I got together with an old friend the other night — a friend with whom I keep in touch with often and see as frequently as both of our busy schedules allow. It was a spur-of-the-moment get together, as they usually are. We made ourselves cozy in the corner of an eclectic little cafe a couple blocks from the beach only a few towns over from our hometown and caught up over dinner.

Conversation surrounded the future — my upcoming graduation, new jobs, interviews, vacation plans, and year-long goals. We talked about her taking a new job position — her dream job. My heart was so full knowing that after all this time, she’s finally getting the opportunity that she deserves and has worked so hard for, but it was also a little heavy knowing that she was leaving her job — the job that kept her in this area, even after she moved out of town a few months ago.

It dawned on me then that no longer could I text her last minute, knowing she was in the area because of work and ask to grab a coffee or a drink. Dinner dates would have to be specifically planned out ahead of time. Girls nights with our circle of friends will be marked on our calendars as something to look forward to in the upcoming weeks.

And that’s when it hit me. This right here, this is really growing up.

The thought was profoundly heavy.

Suddenly, everything felt a little foreign. I looked around the cafe, covered wall to wall in paintings and photographs taken by local artists — at the couches set around the small stage for live entertainment and young musicians so full of wonder. At the electric fireplace that paints the cafe a mix of cozy and modern. And at my favorite part of the cafe — the organic juice and coffee bar at the front. I turned back to my friend and said, “if this was here when we were 17, we’d spend so much less time at Applebee’s and more time at cool places like this.” She agreed.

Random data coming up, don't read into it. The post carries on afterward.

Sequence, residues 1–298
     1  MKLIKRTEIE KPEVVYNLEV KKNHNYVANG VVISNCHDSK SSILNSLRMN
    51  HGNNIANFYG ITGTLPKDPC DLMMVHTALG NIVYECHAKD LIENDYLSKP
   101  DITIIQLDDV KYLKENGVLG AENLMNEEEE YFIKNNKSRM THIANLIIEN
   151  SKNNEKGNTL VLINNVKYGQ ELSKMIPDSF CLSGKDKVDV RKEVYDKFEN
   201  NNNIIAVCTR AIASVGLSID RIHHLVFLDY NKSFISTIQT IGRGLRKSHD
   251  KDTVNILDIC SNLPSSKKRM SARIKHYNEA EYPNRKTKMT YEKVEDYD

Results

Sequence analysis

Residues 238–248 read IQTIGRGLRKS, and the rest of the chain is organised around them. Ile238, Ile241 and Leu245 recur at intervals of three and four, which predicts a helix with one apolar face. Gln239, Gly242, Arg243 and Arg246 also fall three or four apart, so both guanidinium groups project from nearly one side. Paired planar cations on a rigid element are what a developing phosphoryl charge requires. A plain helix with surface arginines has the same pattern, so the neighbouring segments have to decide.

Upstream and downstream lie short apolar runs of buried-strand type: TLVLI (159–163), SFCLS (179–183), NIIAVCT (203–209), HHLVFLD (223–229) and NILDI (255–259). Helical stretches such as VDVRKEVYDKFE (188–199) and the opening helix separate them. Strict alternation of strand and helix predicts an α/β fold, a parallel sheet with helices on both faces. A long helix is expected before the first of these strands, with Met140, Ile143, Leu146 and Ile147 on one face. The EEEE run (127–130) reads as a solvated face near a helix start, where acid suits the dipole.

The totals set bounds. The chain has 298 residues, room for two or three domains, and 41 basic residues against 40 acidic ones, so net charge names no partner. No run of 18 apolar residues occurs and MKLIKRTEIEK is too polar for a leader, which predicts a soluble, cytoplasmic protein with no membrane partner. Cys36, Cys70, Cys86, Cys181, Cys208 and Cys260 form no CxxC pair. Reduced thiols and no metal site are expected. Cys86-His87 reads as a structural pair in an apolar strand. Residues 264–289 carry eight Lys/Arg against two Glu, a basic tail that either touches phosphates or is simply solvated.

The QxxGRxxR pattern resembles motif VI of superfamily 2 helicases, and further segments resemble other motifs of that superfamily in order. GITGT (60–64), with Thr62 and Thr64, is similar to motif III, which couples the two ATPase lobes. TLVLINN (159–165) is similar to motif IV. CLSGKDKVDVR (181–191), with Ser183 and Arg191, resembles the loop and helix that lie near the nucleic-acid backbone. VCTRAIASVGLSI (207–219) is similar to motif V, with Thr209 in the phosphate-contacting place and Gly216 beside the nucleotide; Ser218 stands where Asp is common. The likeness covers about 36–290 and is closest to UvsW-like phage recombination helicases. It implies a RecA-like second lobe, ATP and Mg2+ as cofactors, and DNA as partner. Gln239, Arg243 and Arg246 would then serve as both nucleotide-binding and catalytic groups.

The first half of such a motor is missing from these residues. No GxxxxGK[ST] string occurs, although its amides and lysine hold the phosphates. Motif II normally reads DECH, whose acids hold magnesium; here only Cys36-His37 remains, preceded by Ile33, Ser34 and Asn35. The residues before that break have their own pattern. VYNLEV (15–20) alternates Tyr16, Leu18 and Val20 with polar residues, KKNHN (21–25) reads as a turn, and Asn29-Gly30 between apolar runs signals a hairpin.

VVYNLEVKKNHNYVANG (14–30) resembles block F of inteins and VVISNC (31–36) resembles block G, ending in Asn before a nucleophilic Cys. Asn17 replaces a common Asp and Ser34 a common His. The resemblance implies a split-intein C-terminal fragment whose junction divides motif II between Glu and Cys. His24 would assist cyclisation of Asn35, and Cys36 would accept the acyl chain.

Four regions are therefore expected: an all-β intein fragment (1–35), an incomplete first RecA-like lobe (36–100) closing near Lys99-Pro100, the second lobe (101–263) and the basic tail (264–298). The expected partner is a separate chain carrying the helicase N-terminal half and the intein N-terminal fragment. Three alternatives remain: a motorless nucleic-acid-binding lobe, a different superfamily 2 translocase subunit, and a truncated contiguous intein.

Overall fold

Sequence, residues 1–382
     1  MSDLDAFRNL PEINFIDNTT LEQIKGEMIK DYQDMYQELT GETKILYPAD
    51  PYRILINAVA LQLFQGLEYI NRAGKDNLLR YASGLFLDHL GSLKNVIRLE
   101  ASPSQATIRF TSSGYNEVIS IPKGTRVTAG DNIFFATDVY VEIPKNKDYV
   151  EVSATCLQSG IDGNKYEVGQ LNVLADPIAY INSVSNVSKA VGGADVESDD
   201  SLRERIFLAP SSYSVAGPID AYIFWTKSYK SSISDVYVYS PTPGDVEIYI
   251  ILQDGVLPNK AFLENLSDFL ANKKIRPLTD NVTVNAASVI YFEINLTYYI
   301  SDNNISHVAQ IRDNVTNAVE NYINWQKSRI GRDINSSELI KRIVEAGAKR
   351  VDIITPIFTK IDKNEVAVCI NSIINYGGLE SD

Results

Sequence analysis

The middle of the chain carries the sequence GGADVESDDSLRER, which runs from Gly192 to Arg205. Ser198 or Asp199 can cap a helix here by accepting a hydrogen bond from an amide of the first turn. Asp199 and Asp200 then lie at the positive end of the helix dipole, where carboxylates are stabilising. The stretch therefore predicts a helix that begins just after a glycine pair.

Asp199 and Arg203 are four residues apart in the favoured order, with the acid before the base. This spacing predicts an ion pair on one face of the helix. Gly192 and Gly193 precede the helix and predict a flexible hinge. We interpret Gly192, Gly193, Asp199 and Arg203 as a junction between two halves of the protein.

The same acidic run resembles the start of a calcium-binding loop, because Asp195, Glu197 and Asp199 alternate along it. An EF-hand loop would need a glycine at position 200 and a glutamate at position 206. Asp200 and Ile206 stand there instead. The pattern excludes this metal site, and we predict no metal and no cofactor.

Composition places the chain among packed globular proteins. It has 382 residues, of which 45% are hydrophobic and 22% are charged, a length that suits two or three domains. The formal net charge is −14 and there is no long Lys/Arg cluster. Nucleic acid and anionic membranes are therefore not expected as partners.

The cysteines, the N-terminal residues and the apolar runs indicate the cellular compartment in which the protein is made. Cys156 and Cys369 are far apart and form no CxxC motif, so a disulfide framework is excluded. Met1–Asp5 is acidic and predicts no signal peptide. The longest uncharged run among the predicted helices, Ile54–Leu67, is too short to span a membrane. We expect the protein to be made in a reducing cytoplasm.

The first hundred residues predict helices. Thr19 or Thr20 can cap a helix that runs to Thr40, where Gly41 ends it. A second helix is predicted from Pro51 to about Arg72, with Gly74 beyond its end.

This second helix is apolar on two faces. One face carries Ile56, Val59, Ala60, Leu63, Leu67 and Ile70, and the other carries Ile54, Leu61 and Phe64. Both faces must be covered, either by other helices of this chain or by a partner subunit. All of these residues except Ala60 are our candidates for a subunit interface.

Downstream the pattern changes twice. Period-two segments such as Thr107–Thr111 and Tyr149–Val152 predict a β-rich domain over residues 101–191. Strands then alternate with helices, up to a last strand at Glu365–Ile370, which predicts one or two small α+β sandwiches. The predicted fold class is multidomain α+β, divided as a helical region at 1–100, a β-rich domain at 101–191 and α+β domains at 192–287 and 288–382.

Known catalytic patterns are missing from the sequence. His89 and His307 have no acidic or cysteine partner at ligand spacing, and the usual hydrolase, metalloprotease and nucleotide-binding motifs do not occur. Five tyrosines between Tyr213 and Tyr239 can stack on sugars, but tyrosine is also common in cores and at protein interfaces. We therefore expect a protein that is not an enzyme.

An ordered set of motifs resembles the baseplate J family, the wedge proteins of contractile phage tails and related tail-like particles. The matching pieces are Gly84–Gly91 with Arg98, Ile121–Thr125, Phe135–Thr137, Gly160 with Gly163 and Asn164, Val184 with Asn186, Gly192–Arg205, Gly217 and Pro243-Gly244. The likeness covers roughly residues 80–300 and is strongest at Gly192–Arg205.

It got me to thinking about how much changes in very little time. The cozy cafe I was sitting in was relatively new. I’d been there a handful of times before, but it hasn’t been there long. Across the way, a brewery was being built across from a bar I spent a lot of summer nights at when I was 22 years old and so sure I knew what growing up meant. In the next town over, a new Biergarten recently opened. I’ve always been so fond of where I grew up. The Jersey Shore… not as seen on Jersey Shore. But it seems that in just the blink of an eye, everything around me’s changed. There’s traffic lights where there were once just stop signs. New strip malls. Condos where there were miles of land. Biergartens and brewerys and bed and breakfasts.

Everything around me seems to be changing. This is what growing up really is. I swear it is.

Growing up used to scare the crap out of me. There’s so much unknown stretched out in front of us. There are so many pieces of our lives laid out on that long road waiting for us to pick and choose which ones fit together. And anyone who doesn’t say that sometimes growing up is just as scary as a trip to the dentist when you’re five years old is lying to you.

We always think there’s a sign. We think that when we sign the title on our first car, we’re adults. Or when we move into our first apartment, when we’re picking out place mats to match our curtains, or making center pieces for our wedding, or registering for our baby shower, we’re grown up. We think that growing up is acquiring all of these things. But if we fall short of these expectations, if we never get this stuff… then what?

Growing up has nothing to do with stuff.

When you’re little, you equate adulthood to the turning of the second hand on the evening of your 18th birthday. As soon as that clock strikes 18, you’re an adult. At least by law. We think that by 18, we’ll move out of our parents houses, we’ll be free to do what we want. We look to 18 as an elusive and magical time. A time when we would have it all. And then we get there. At 18, we make our decisions about where to go to college. We pick dorm furniture, meet our roommates, and move away and start fresh. And while we’re standing there on our brand new campus looking towards another four years as a student, we realize that this isn’t at all what we predicted.

So we keep on trekking through. Soon, we’re 20, 22, 24. Some of us signed titles for cars, some of us have moved into our own places. Some of us have beautiful china sets that we only take out for holidays. Some of us are engaged, married, and have kids. And some of us don’t have all that stuff.

Growing up has nothing to do with stuff. It just doesn’t.